Once I am persuaded this actually solves more problems than it creates or exacerbates, I might consider a change. I'm not a big fan of solutions running around looking for their problem. I think my current model ("Oh it should have had that - add it in for now and we'll fix the mechanics and points later" or "That one's not automatic but you can always buy it with xp") is working just fine, at least at my table.

 

None of which makes it any less arbitrary :P

 

To rephrase my own philosophy to changes:

 

If the new system is of equal merit to the default, then the need for added complexity to change over means I'll stick to the default.

 

If the new system is of marginally greater merit to the default, then the need for added complexity to change over means I'll stick to the default.

 

If the new system is of substantially greater merit to the default, then presuming the benefit of change exceeds the hassle of change, I'll change.

 

IOW, your system must be clearly superior to the status quo before I would consider it worth the effort. You haven't persuaded me thait it is. You may, of course, have persuaded some lurkers.

 

Agreed. On the grounds' date=' however, that I am not the only HERO player (or GM) who has noticed the occasional contradiction between the mechanics and common sense; and on the grounds that I am not the only HERO player (or GM) who, unlike such paragons of "We can model [b']every[/b] part of a power in advance." as yourself, often fails to do so perfectly*; I think that the proposal will be worth trying (at the very least) for more groups out there than just mine.

 

I don't see your system as any less likely to encounter a bump in the road than the status quo is. In either case, an issue not considered previously comes up, and you deal with it at that time.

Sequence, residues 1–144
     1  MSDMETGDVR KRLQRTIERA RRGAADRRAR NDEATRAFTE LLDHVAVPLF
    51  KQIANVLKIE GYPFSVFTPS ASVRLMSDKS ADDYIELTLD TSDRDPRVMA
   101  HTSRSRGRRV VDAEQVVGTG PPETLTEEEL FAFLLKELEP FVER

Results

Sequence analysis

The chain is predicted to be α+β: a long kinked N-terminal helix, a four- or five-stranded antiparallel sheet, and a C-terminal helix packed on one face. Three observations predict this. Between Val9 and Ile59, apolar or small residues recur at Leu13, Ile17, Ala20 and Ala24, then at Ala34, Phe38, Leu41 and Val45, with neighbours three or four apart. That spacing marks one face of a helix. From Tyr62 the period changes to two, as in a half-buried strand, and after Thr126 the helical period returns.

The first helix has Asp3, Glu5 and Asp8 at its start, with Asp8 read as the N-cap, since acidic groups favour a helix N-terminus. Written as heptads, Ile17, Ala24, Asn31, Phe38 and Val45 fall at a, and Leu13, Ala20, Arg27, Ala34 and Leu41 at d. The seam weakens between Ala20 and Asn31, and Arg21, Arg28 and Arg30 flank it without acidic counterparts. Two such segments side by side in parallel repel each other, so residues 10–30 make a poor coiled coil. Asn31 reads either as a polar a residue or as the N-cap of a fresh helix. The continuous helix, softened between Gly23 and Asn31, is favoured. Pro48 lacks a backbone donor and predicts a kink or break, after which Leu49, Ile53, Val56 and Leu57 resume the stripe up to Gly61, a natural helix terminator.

*All I can say in my own defense is that I wanted to play. Sometime before next year' date=' preferably.[/quote']

 

And you believe a substantial system change will hasten your ability to play better than using the system as it stands? :rolleyes:

 

I cannot speak for them' date=' but I suspect that their reasoning ran along the same lines. Who wants to spend an indefinite amount of time trying to think about unusual situations, [i']just in case[/i] there is one that has not yet occurred to anyone?

 

Whether you do so to build the character's powers, or you do so to build the universe's defaults, or you do so to determine how various SFX will interact with one another and/or the universe's defaults, all of the following apply:

 

(a) You will eventually encounter something you had not considered.

 

(B) Only you can decide how long to spend trying to think about unusual situations before deciding what you currently have is close enough, playing and fixing any bumps in the road as they arise.

 

The two are not mutually exclusive' date=' however. (Your approach might exclude mine - but mine does not exclude yours :))[/quote']